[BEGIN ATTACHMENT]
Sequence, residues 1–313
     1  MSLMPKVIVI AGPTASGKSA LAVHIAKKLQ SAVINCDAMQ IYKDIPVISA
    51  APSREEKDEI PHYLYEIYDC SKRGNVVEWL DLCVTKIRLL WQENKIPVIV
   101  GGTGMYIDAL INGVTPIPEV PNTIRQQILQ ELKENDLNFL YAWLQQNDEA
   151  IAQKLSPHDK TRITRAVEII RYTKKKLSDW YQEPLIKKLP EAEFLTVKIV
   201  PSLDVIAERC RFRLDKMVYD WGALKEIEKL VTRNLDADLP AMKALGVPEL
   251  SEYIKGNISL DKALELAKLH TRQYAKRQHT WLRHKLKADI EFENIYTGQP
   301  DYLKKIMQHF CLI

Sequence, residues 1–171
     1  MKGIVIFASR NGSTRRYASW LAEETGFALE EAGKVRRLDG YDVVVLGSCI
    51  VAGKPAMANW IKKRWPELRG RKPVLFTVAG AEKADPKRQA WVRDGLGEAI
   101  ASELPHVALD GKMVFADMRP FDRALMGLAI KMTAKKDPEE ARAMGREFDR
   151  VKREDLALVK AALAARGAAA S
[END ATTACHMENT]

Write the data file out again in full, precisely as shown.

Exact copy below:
Sequence, residues 1–313
     1  MSLMPKVIVI AGPTASGKSA LAVHIAKKLQ SAVINCDAMQ IYKDIPVISA
    51  APSREEKDEI PHYLYEIYDC SKRGNVVEWL DLCVTKIRLL WQENKIPVIV
   101  GGTGMYIDAL INGVTPIPEV PNTIRQQILQ ELKENDLNFL YAWLQQNDEA
   151  IAQKLSPHDK TRITRAVEII RYTKKKLSDW YQEPLIKKLP EAEFLTVKIV
   201  PSLDVIAERC RFRLDKMVYD WGALKEIEKL VTRNLDADLP AMKALGVPEL
   251  SEYIKGNISL DKALELAKLH TRQYAKRQHT WLRHKLKADI EFENIYTGQP
   301  DYLKKIMQHF CLI

Sequence, residues 1–171
     1  MKGIVIFASR NGSTRRYASW LAEETGFALE EAGKVRRLDG YDVVVLGSCI
    51  VAGKPAMANW IKKRWPELRG RKPVLFTVAG AEKADPKRQA WVRDGLGEAI
   101  ASELPHVALD GKMVFADMRP FDRALMGLAI KMTAKKDPEE ARAMGREFDR
   151  VKREDLALVK AALAARGAAA S